PMCID: PMC115994  PMID: 10225911
10.  Three Small Nucleolar RNAs Identified from the Spliced Leader-Associated RNA Locus in Kinetoplastid Protozoans 
Molecular and Cellular Biology  1998;18(8):4409-4417.
First characterized in Trypanosoma brucei, the spliced leader-associated (SLA) RNA gene locus has now been isolated from the kinetoplastids Leishmania tarentolae and Trypanosoma cruzi. In addition to the T. brucei SLA RNA, both L. tarentolae and T. cruzi SLA RNA repeat units also yield RNAs of 75 or 76 nucleotides (nt), 92 or 94 nt, and ∼450 or ∼350 nt, respectively, each with significant sequence identity to transcripts previously described from the T. brucei SLA RNA locus. Cell fractionation studies localize the three additional RNAs to the nucleolus; the presence of box C/D-like elements in two of the transcripts suggests that they are members of a class of small nucleolar RNAs (snoRNAs) that guide modification and cleavage of rRNAs. Candidate rRNA-snoRNA interactions can be found for one domain in each of the C/D element-containing RNAs. The putative target site for the 75/76-nt RNA is a highly conserved portion of the small subunit rRNA that contains 2′-O-ribose methylation at a conserved position (Gm1830) in L. tarentolae and in vertebrates. The 92/94-nt RNA has the potential to form base pairs near a conserved methylation site in the large subunit rRNA, which corresponds to position Gm4141 of small rRNA 2 in T. brucei. These data suggest that trypanosomatids do not obey the general 5-bp rule for snoRNA-mediated methylation.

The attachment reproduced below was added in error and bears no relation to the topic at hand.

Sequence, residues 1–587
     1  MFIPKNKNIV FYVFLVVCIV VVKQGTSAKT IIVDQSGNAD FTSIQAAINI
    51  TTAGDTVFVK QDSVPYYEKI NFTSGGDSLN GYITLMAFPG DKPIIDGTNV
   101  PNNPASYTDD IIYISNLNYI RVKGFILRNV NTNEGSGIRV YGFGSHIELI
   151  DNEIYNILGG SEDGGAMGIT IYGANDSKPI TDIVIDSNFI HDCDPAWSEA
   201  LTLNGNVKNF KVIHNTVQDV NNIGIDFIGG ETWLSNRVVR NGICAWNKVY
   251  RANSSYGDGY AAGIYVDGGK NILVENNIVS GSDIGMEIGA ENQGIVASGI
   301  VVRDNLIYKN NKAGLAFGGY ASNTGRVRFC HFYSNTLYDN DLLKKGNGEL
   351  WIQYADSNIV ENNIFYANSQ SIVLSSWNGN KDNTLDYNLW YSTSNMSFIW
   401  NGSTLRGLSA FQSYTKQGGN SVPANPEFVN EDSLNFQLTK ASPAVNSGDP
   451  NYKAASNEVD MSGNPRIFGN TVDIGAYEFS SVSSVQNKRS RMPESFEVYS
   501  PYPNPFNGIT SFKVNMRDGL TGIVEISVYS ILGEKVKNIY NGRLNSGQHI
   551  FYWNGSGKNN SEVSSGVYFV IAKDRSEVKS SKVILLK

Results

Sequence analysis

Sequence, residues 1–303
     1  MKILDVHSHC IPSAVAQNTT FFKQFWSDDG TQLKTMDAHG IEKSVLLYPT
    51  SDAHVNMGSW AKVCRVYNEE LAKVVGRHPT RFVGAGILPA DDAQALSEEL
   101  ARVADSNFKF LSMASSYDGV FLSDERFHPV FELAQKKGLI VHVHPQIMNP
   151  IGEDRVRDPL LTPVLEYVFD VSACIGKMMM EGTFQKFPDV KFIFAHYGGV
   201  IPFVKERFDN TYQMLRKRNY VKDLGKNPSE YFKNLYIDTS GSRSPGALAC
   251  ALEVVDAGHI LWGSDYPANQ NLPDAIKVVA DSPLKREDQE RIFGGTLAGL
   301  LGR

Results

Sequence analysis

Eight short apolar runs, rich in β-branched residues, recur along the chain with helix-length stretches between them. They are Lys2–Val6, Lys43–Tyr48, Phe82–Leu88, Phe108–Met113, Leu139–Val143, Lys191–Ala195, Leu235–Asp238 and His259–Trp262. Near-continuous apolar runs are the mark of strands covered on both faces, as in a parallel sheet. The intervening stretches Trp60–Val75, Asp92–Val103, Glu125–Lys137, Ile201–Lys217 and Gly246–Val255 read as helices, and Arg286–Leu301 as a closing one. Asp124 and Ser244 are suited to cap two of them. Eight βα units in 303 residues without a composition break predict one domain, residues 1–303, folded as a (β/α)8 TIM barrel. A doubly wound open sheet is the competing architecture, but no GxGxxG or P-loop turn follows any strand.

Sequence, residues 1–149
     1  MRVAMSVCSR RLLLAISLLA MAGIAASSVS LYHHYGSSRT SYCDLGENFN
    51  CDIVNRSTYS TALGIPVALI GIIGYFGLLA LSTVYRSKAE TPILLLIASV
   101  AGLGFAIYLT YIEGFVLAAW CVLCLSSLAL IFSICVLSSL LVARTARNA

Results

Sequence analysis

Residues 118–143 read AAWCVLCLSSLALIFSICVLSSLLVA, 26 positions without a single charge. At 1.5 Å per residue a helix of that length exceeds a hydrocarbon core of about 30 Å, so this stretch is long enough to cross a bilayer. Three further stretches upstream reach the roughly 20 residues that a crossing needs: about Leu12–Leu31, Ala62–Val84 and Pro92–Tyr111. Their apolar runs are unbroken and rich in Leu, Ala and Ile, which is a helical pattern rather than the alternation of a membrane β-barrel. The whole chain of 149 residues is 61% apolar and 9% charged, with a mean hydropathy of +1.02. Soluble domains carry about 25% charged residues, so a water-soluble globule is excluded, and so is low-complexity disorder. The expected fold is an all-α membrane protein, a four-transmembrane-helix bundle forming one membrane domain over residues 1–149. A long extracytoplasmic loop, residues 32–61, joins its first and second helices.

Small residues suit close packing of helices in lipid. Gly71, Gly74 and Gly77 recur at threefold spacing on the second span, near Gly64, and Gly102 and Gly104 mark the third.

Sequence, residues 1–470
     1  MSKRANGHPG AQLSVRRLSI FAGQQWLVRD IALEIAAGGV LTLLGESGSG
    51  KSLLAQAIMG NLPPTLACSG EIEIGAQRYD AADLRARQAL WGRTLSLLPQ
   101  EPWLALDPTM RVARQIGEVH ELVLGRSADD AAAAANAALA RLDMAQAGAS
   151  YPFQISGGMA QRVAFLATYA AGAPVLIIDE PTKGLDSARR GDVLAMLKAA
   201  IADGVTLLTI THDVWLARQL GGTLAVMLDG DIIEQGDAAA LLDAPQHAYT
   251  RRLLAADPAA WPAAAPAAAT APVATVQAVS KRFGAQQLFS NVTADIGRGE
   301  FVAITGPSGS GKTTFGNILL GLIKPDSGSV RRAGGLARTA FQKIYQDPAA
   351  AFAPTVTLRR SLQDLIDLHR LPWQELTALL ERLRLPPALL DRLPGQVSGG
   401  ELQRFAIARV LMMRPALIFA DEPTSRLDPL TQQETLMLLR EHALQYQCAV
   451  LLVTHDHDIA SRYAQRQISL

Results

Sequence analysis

PMCID: PMC109026  PMID: 9671450
11.  Single-Step Multiplex PCR Assay for Characterization of New World Leishmania Complexes 
Journal of Clinical Microbiology  1998;36(7):1989-1995.